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How families can confront remote learning

<&firstgraph>Amid concerns of coronavirus clusters and efforts to stop the spread of COVID-19, and based on social distancing recommendations from medical professionals, schools across the country began to close their doors and adopt a remote learning model in March 2020. One of the largest communities affected was New York City, which closed schools across the five boroughs. The New York City school system is vast, with 1,800 schools servicing more than one million students.

<&firstgraph>School administrators and educators quickly scrambled to find a workaround to meet children’s educational needs. Remote learning has been a part of many school curriculums for some time. While remote learning had predominantly been reserved for higher learning institutions, in the wake of the COVID-19 outbreak, it became a necessity for grades K through 12 as well. Teachers have had to design curriculums and assignments virtually on the fly in an attempt to minimize disruptions that could adversely affect students.

<&firstgraph>Remote learning requires the cooperation of school staff and also parents and guardians. Patience is necessary, and parents and educators may need to completely transform their daily schedules. The following tips can be an asset as students continue to navigate remote learning.

• Record class sessions.<&firstgraph> Teachers can consider recording or ‘going live’ with class instruction so that students can view the video and still have access to their teachers. This helps parents who may be unfamiliar with explaining the curriculum.

• Utilize chat features.<&firstgraph> Remote education software programs likely have a chat or ‘hangout’ feature, which enables classrooms to keep in touch and ask questions in real time.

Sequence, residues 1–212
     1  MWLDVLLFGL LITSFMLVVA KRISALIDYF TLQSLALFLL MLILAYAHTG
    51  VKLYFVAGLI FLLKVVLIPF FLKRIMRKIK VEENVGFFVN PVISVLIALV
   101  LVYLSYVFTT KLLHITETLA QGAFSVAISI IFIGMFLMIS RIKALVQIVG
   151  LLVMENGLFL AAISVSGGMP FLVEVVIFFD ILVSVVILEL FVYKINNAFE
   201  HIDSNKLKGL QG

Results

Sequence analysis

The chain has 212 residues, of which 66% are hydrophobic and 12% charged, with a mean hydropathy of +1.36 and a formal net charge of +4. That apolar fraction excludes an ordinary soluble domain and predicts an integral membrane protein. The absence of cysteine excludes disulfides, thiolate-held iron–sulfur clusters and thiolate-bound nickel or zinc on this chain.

• Keep a schedule.<&firstgraph> It’s easy to begin to sleep late and fall out of routine when not required to go to a school building. Families should make scheduling a priority, which can help students stay on top of lessons and complete their assignments on time.

• Ask questions.<&firstgraph> Everyone is learning as they go, and further clarification may be needed. Students should email or chat with teachers if they don’t understand an assignment or are unsure about instructions. Teachers may be able to clearly model a math problem or explain a concept via video chat for students who need help.

• Explore educational options.<&firstgraph> Many companies are offering free educational services while kids are home from school. Scholastic.com is offering online courses, Nat Geo for Kids, Fun Brain, PBS Kids, and Highlight Kids are other places to turn to for activities.

<&firstgraph>Remote learning has become the new norm as the world continues to navigate COVID-19 in an effort to keep the public safe.